I really don't get how we got these outputs

can somebody explain to me how did we get this output?

OUTPUT:

Q
B C D

This is my code:

#include <stdio.h>
char x = 'A';
void fun_1(int n) {
    if(n>0) fun_1(n-3);
    if(n == 0 ) printf("Q\n");
    printf("%c ", ++x);
};

int main()
{
    fun_1(6);    
    return 0;
}

4 answers

  • answered 2018-04-14 14:36 Maxime Chéramy

    Guys can somebody explain to me how did we get this output?

    I'm able to reproduce:

    % vi aaaa.c
    [ code copied in the editor ]
    % gcc aaaa.c
    % ./a.out
    Q
    B C D
    

    I hope that helped!

    (that was a joke, if it's not clear to everyone...)

    You can try to add a printf in the function fun_1. You see that it's called recursively 3 times with the values 6, 3 and 0.

    The last call will print the Q then the B. Then the second call will print the C and the first one the D.

  • answered 2018-04-14 14:36 SMA

    Here's the calls that would be made:

    fun_1(n=6)//from main
        fun_1(n=3)//since 6 > 0 {
            fun_1(n=0){//now n is not greater than zero, so don't recurse
                execute if n == 0, yes it is, so output Q
                print ++x, x was A now after ++x, x would be 'B'
            }
            since n <> 0, don't output Q
            print ++x, x was B, so print C which is after pre-incrementing x
        }
        since n <> 0, don't output Q
        print ++x, x was C, so print D which is after pre-incrementing x
    }
    

  • answered 2018-04-14 14:36 Pablo

    You have a recursive function, recursive means that at some point it calls itself. The terminal case (when the function stops calling itself) is when n == 0.

    When dealing with recursive functions, you have to think this way:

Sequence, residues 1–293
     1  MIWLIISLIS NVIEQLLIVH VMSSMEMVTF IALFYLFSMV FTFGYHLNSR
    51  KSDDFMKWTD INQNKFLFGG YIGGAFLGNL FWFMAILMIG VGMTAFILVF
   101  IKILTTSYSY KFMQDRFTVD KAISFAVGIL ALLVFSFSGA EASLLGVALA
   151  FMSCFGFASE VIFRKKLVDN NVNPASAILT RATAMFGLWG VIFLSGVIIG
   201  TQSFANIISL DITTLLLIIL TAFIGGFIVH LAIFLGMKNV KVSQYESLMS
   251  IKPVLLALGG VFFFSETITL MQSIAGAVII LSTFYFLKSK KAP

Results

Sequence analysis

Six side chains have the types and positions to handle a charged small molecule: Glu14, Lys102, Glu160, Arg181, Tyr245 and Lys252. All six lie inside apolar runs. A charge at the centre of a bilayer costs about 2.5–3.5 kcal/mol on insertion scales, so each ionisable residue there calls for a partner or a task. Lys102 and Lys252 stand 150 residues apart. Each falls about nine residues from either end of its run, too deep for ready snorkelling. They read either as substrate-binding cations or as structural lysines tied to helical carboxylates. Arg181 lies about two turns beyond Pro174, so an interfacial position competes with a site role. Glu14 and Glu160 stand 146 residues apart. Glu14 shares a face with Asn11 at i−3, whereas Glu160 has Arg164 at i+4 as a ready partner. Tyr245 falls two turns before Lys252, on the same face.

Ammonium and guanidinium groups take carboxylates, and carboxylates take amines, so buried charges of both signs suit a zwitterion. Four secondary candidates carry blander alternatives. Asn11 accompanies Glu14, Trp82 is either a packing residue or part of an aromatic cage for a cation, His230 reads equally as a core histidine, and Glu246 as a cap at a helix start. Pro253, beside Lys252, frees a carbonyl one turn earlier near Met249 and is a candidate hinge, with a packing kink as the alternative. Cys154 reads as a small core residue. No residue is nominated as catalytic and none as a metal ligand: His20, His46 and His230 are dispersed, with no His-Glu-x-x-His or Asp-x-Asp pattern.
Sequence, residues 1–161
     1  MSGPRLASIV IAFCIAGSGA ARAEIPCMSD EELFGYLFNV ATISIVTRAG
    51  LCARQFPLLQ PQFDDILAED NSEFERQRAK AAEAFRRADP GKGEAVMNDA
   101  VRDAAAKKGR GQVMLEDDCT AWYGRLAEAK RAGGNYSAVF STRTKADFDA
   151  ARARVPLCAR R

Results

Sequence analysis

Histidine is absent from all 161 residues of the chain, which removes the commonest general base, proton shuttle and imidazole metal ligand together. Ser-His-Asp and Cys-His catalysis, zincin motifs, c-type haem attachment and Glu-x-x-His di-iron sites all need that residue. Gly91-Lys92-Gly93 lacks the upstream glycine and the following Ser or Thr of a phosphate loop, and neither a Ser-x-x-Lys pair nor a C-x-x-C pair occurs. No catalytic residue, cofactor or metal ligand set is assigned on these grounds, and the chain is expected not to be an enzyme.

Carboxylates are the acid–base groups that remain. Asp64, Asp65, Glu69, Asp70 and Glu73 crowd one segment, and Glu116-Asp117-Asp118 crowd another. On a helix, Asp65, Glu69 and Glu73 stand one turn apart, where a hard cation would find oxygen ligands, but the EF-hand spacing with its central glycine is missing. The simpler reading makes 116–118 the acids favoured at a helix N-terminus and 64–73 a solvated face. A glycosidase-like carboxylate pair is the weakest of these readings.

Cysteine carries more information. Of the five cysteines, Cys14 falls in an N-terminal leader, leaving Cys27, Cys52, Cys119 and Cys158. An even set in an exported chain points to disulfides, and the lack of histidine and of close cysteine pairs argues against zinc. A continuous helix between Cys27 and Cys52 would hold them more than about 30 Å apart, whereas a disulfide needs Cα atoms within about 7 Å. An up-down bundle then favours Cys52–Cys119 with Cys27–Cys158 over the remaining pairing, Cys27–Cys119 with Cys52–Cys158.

Recursion level 0 (the first call)

    n == 6 ==> if(n>0) fun_1(n-3); is executed
    
    • Recursion level 1

      n == 3 ==> if(n>0) fun_1(n-3); is executed
      
      • Recursion level 2

        n == 0 ==>
            if(n == 0 ) printf("Q\n");  is executed, output is "Q\n"
        
            printf("%c ", ++x);         is executed, x is now B, output is B
        

        this is terminal case, therefore

      (back to)

      Recursion level 1

      printf("%c ", ++x);  is executed, x is now C, output is C
      

    (back to)

    Recursion level 0

    printf("%c ", ++x);  is executed, x is now D, output is D
    

    Now the recursive calls have ended and you are back in main. As you can see from the analysis of the recursion levels, the generated output is

    Q
    B C D
    

  • answered 2018-04-14 14:36 Ozan

    void fun_1(int n) {
    if(n>0) fun_1(n-3);
    if(n == 0 ) printf("Q\n");
    printf("%c ", ++x);
    };
    

    with the first call of this method in the main function, you send the value of 6.

    if(n>0) fun_1(n-3) with this statement, because 6>0, recursive process is started and 6-3=3 is sent back to fun-1 function. But here, the most important thing to keep in mind that, the first function which is created in memory is not terminated. For each recursive step, there will be created new functions for new n values. So here;

    printf("%c ", ++x);

    this statement will be working with the same number of recursive loop. Because you used, pre-incrementation as "++x", the char value x = 'A' will first be incremented and then printed. So for every recursive loop step, all the functions which are created are terminated by a sequence of creation, and they printed the pre-incremented value as in output.